We were welcomed by professionals that deal in maternal and child health care in Uganda. We held discussions on our project and some of the programs sponsored by USAID, the CDC and other agencies that specifically deal with the health care issues here.
This visit was a thrill for all of us. For one thing, it was nice to hear people speak with an American accent. But, it was also heartening to learn of the health care and other initiatives that our government is employing, working with the Ugandan government and NGOs on the ground in the country. It's amazing to learn everything that is going on here from the likes of Johns Hopkins, Baylor University, Massachusetts General, and so many others, including Rotary and other service organizations such as Lions International. My Lion brother would be thrilled.
On Thursday morning, Shannon visited with the Ugandan office of World Vision International. This is a California-based Christian relief and development organization that operates in 60 countries around the globe. They have a huge presence in Uganda with 900 staff members serving in 28 Ugandan districts and operating 53 Area Development Programs (ADPs). Through their Child Health Now campaign, World Vision is advancing issues in Reproductive, Maternal, Newborn and Child Health (RMNCH). They advocate for the reduction of maternal and child mortality in the country. They could turn out to be a key partner for Drexel as they advance their interest in maternal and child health in Uganda and as Rotary's Global Grants funding eventually comes to an end. An important part of our project is assuring that the work being done here over the short-term is sustainable and has made a meaningful and long-term positive impact on the people and communities served.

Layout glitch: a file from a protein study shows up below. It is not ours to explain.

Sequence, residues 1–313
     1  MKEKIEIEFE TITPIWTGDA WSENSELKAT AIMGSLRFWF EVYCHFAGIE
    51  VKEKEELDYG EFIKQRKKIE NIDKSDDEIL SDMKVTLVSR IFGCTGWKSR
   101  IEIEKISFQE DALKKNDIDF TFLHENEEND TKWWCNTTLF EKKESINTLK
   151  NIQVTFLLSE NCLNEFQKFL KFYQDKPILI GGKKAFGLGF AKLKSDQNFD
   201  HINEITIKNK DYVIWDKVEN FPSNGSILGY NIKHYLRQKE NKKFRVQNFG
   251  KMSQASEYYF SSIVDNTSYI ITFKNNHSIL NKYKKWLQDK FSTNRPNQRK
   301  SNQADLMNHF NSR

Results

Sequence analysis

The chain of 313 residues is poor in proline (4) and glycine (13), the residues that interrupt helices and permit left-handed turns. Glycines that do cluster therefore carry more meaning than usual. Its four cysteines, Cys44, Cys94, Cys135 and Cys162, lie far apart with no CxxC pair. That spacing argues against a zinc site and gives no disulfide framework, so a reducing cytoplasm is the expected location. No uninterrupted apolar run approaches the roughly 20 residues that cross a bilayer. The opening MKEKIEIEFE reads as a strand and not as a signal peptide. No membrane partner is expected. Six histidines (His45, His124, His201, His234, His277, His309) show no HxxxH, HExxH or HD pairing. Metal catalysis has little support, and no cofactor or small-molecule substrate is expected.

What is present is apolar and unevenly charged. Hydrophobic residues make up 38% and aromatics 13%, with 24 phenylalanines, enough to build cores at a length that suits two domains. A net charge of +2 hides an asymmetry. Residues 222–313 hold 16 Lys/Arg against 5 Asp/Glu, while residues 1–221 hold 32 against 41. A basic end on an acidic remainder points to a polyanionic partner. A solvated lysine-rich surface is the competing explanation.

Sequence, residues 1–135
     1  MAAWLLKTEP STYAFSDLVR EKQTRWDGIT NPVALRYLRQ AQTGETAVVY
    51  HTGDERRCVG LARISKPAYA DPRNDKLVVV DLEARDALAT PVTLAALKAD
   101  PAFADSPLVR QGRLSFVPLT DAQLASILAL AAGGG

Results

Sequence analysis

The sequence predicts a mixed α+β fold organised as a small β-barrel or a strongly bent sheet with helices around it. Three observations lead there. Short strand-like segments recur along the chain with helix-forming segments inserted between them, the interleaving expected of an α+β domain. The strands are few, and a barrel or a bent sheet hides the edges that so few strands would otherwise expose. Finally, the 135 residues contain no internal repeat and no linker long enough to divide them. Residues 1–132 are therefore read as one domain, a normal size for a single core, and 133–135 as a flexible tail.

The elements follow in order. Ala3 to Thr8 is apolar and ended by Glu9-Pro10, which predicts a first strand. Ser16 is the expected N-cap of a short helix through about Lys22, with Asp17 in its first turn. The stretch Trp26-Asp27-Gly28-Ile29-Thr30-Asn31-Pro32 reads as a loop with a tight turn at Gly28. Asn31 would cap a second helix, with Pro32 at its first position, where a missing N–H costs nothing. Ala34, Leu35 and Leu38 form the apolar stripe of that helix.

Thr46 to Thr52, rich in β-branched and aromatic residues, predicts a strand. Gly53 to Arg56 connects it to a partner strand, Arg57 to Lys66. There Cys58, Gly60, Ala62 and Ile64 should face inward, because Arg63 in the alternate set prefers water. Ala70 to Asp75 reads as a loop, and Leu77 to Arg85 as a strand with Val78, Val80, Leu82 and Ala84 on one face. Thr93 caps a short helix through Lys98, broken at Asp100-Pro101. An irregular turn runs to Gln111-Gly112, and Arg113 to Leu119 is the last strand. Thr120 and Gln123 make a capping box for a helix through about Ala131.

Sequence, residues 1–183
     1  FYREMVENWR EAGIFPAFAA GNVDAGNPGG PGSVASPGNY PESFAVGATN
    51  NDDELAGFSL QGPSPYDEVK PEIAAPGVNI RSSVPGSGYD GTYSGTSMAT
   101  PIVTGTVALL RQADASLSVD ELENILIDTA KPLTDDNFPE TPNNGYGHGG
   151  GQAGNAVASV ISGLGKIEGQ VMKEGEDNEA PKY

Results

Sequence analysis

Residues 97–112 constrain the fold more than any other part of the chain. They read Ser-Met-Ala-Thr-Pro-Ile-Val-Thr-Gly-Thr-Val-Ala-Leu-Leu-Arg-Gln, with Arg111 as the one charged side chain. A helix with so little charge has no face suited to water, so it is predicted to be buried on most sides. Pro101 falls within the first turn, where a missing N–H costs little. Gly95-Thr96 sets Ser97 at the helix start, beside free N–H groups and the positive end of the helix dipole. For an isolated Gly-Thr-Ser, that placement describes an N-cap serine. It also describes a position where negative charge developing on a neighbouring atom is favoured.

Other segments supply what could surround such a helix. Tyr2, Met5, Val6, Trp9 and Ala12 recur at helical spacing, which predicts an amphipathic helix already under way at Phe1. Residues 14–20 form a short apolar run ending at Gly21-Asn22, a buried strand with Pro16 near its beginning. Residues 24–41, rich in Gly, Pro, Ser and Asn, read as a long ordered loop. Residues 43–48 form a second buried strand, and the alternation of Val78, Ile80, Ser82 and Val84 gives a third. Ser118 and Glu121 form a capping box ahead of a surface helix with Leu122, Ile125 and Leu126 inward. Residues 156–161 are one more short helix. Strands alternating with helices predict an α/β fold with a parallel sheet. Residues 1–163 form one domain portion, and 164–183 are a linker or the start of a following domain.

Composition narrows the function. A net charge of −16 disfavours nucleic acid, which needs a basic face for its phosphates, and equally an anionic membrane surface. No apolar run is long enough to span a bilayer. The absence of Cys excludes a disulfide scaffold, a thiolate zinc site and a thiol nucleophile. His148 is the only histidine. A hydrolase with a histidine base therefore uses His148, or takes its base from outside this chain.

Michelle had a successful day making the BRCKs operational. These are Kenyan-designed, U.S.-built portable WiFi hotspot devices with battery extenders that we brought with us from the States. They will be installed at remote community health centers so that local health care professionals can access digital libraries to assist them in providing care. This is such cool stuff! It's such a simple, yet effective tool that will push health care to a new level in remote villages. Congratulations Michelle and your cohort Bob John.
Tonight the trip to Uganda is over for Dr. Laniece Coleman and Dr. Michelle Rogers, as they headed to Entebbe to return home. We're going to miss them. The hotel staff provided us a nice dinner on the back lawn as a sendoff for Laniece and Michelle.
But, we're gaining two new VTT teammates. Our project coordinator, Past District Governor of Rotary District 7430 Ron Smith returns to Uganda with his friend Dr. Owen Montgomery, Chair of the OB/GYN Department at Drexel University College of Medicine. Ron and Owen were members of the first VTT in January 2014. Last year, Ron had my job as VTT Team Leader. It's going to be nice to have these veterans join us.